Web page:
Pirates of the Caribbean: The Curse of the Black Pearl
Directed by Gore Verbinski
Written by Ted Elliott and Terry Rossio
Starring Johnny Depp, Keira Knightley, Geoffrey Rush
The movie blows, me hearties, but don't you dare miss it. Sure, I know, in the normal course of events, you might well expect folks in my line of work to steer you away from the bad pictures and toward the better. But there's nothing normal about Pirates of the Caribbean. Why? Johnny Depp, that's why. So forget the film and check out the star, because there's a superlative to be witnessed here: This has gotta rank among the weirdest performances in the zany annals of the silver screen.
Actually, performance is hardly the word -- that would suggest depth and range and development, all of which Depp is certainly capable of delivering when the writers deign to offer him a script. But he must have taken one look at this baby and known instantly that none of the above applies. Which isn't surprising, given the wellspring in question. Seems this pair of scribblers turned their back on modern cinema's usual motherlode of inspiration -- the comic book -- and sought their muse in a hitherto untapped source: the Disneyland theme-park ride.
Now, I grant you, it may prove a prescient choice, it could be the wave of the future, spawning countless gems that ingenious critics are sure to hail as "a roller-coaster ride of a movie". However, on the evidence here, the bugs haven't quite been worked out yet. Ergo, no depth for Depp -- and certainly no range or development.
So what does our boy do? Well, he plays his pirate as a single note, struck over and over again. But this is no ordinary note -- nope, Depp hits the damn thing with a symphonic verve that's downright mesmerizing.
For starters, his teeth are gold-capped, his eyes are kohled, his goatee is braided, and his dreadlocked tresses glitter with enough beaded trinkets to open up a souvenir shop.
Yet that's just the look. Then there's the manner: totally fey, past androgynous. Finally, the accent: faintly English, slightly swish and drunkenly slurred, at least two sheets to the wind.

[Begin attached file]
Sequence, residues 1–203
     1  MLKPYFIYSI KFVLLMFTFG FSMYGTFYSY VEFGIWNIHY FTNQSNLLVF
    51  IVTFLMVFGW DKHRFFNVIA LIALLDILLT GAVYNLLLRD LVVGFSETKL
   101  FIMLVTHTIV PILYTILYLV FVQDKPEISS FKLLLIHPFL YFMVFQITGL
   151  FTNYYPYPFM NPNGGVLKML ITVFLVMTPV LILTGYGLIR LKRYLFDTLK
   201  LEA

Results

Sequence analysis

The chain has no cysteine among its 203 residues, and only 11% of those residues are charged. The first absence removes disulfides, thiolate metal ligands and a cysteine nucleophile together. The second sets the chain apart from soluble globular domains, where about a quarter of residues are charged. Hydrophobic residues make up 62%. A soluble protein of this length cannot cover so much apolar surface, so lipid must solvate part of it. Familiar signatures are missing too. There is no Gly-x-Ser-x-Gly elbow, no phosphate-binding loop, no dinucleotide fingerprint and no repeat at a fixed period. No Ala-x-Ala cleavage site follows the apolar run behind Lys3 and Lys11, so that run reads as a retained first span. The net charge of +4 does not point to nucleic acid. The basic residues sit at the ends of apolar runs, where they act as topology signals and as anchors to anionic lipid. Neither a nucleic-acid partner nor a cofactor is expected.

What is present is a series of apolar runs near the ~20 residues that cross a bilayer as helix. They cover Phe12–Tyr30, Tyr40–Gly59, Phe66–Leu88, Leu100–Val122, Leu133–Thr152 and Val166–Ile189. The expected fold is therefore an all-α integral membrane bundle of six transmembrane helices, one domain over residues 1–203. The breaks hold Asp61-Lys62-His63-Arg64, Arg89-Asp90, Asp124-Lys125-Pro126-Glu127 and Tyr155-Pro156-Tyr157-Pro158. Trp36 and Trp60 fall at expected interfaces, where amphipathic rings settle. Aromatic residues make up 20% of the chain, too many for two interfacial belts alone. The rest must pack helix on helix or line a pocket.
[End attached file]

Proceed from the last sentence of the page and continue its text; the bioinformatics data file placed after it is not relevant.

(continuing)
Add up the wacky components and, if you believe Depp, it owes a lot to Keith Richards on a more-or-less articulate day.
Me, I thought I detected a further hint of Brando's foppish turn in Mutiny on the Bounty.
Either way, it's quite the bizarre bundle of parts, like the winning float in a Gay Pride parade -- the Caribbean pirate as limp-wristed lush. Depp is a movie onto himself, and you can't take your eyes off the guy.
A good thing, too, because there's no movie anywhere else. Now you might carp that Depp's singular portrayal has nothing to do with the plot or the theme, but that would assume there is a plot or a theme.
Apparently, these commodities are in short supply on Disneyland theme-park rides.
In their place, we get a pirate picture that occasionally morphs into a horror flick .
Somewhere between the swash and the buckle, it keeps sailing off into The Night of the Living Dead, featuring a shipload of skeletal swabbies who seem immune to anything so mundane as a cutlass through the rib cage. That doubtless explains the exorbitant running time of 135 minutes: When the nautical baddies are already dead, how in the good name of Captain Blood do you kill them?
Anyway, while grappling with that conundrum, you might want to tear your peepers away from star central and spare a quick glance for newcomer Keira Knightley. She's the love interest, and the camera adores her, as would any red-blooded pirate (which pretty much counts out Depp, but leaves ample room for Orlando Bloom as the film's rapier-straight hottie). Over on the villainous side of the ledger, Geoffrey Rush is on hand and in good form, although, as one of the living deadheads, he's hampered by having to turn his performance over to the CGI team whenever the moon comes out.
About the pedestrian work of director Gore Verbinski, let's just say he's in the slavish employ of producer Jerry Bruckheimer, and thereby whacks out the action with Jerry's trademark hammer of steel -- that is, with an abundance of noise and a paucity of style. How about campy humour?
Well, me scally got wagged once, although me timbers nary felt a shiver. But, yo-ho-ho and a bottle of chablis, there's always that weird and wonderful compensation.
For audiences adrift in summer's cinematic doldrums, Pirates of the Caribbean writes a new Law of the See: Every shallow clunker of a movie deserves a Depp-charge.Report Typo/Error
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